|really bad photo of two new smaller works in progress featuring skulls © christine mercer-vernon|
Please talk me through the process you follow when designing your drawings and paintings Do you work instinctively, directly onto the canvas, or are your works pre-planned, using sketches and photographs?
I actually work a number of ways. I spend a lot of time just thinking and conceptualizing ideas, sometimes, I have a title, then work backwards to create the still life. My larger paintings develop out of experiences and moments and are rarely crafted ‘just because’. I have a small sketchbook I’ll record thumbnails in as ideas come to me, then I can come back to them when I’m ready.
I work both from life and from photographs that I have taken of my setups. For the majority of my works I begin with a very detailed drawing on tracing paper working quickly to address the major shapes, then just layering a new piece of tracing paper overtop of my rough drawing to refine it further. I keep going like this until I am happy with the drawing. After transferring I try to tackle the more difficult areas first completing as I go, although sometimes I will utilize layers and glazing if needed to attain the effect I desire. For some smaller works, I’ll just begin with a blank panel and work directly.
Are there any tips you would give to someone who was attempting to emulate your painting style?
Other than copying another artist’s work for study (with proper accreditation), I generally advise against emulation of another artist’s style. Learning their technique is a great way to understand how they work and a valuable learning tool but spending time at the easel and taking all you’ve learned and developing one’s own style will benefit the artist greater than trying to emulate another. Finding one’s voice and style as an artist takes time and experimentation and a lot of time at the easel. I paint the way I do, not because it’s how I’ve wanted to paint, but because I’ve spent a lot of time just painting and letting my style and preferences develop over time.
Do you always paint/draw first hand, from a photograph or from your imagination?
I am a realist artist, therefore, I always work from a reference of some sort. All my still lifes are set up in my studio. Sometimes I will photograph them if lighting/time of day are important or if the possibility of the set up changing over time is present. I always work from life on my skull drawings, using a pair of close range binoculars to see the details. Accuracy and detail are important to me, but I also like to make sure that in the end, the viewer realizes they are viewing a painting, not a photograph.
What is your favourite material to use? Do you like to experiment with any other utensils or products?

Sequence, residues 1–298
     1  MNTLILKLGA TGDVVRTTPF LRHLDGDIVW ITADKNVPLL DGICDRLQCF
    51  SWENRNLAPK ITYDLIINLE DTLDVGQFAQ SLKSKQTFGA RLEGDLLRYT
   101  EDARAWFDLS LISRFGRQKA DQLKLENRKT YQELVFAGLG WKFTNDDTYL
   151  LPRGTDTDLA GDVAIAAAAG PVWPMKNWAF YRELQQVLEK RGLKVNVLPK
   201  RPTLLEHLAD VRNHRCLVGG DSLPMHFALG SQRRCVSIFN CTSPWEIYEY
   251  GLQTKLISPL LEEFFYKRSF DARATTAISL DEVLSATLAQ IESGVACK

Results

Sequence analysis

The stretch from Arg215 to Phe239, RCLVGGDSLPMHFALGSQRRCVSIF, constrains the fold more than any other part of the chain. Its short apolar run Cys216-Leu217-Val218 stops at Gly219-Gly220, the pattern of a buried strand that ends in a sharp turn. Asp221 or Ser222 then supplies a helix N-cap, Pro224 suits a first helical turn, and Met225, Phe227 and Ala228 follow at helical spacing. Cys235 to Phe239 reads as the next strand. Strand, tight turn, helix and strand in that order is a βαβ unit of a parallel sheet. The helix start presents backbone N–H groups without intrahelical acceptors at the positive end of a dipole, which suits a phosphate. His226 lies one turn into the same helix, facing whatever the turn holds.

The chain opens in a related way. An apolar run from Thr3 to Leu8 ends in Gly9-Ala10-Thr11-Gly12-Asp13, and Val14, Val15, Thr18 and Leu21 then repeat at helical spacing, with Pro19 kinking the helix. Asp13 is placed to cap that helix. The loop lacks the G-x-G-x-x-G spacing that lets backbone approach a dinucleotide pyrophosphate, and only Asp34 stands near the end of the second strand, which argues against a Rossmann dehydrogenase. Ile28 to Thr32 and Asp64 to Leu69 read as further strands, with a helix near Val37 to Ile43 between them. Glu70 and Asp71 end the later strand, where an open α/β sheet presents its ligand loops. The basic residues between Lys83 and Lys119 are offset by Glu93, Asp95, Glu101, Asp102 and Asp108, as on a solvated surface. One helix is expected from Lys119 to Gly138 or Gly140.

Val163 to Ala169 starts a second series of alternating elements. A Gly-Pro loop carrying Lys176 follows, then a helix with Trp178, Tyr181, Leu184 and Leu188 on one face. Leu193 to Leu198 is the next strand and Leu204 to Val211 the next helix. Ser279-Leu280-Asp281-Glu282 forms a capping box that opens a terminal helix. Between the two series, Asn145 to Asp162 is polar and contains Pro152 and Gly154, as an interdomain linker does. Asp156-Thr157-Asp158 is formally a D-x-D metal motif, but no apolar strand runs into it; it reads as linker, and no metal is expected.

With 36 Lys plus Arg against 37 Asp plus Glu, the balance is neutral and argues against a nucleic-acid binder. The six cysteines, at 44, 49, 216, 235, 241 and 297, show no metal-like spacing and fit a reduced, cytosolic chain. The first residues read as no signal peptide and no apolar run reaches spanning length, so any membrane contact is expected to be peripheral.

I used to experiment a lot, but I’ve simplified and now I work exclusively with charcoal, graphite and oils. Sometimes I will still work in watercolors, but mostly for my own enjoyment, or to use up old supplies!
Which artists have influenced your work? In what way has your work been shaped by others?
I am drawn to the old masters and can never spend enough time in front of an Ingres painting, Rembrandt painting, or any of the dutch masters floral still lifes. I’m particularly fascinated with vanita's and keep a pinterest board of them here: http://www.pinterest.com/mercervernon/vanitas/
I’m more interested in a painting if it has something to say, even if the message is merely to convey beauty, and strive to work this way in the majority of my paintings. My work has been more influenced by todays amazing realist artists only because their works force me to constantly evaluate each painting to be sure I am putting my best work out there. There are so many amazing artists out there today and I keep another pinterest board of works that I find inspiring here: http://www.pinterest.com/mercervernon/art-that-makes-me-sigh/
Here's a rough photo time lapse of the drawing for my new onion painting, taken in 15 minute intervals.
© christine mercer-vernon
Can you show me work in progress or semi-complete artwork? I would love to understand the process you go through and how you apply media at different stages of your paintings?
In progress works can be seen on my blog and my instagram feed:
Are you currently working on any new paintings? I would love to hear.
Of course! I’m a slow painter, but I usually have several works in progress at one time. Right now I am working on a small still life with an onion I grew for 6 months and let die down, as well as 4 smaller works, two of which contain skulls of a fawn and a turkey. I have thumbnails fleshed out for seven more larger works once I complete these, plus a series of small alla prima studies of all the skulls in my collection.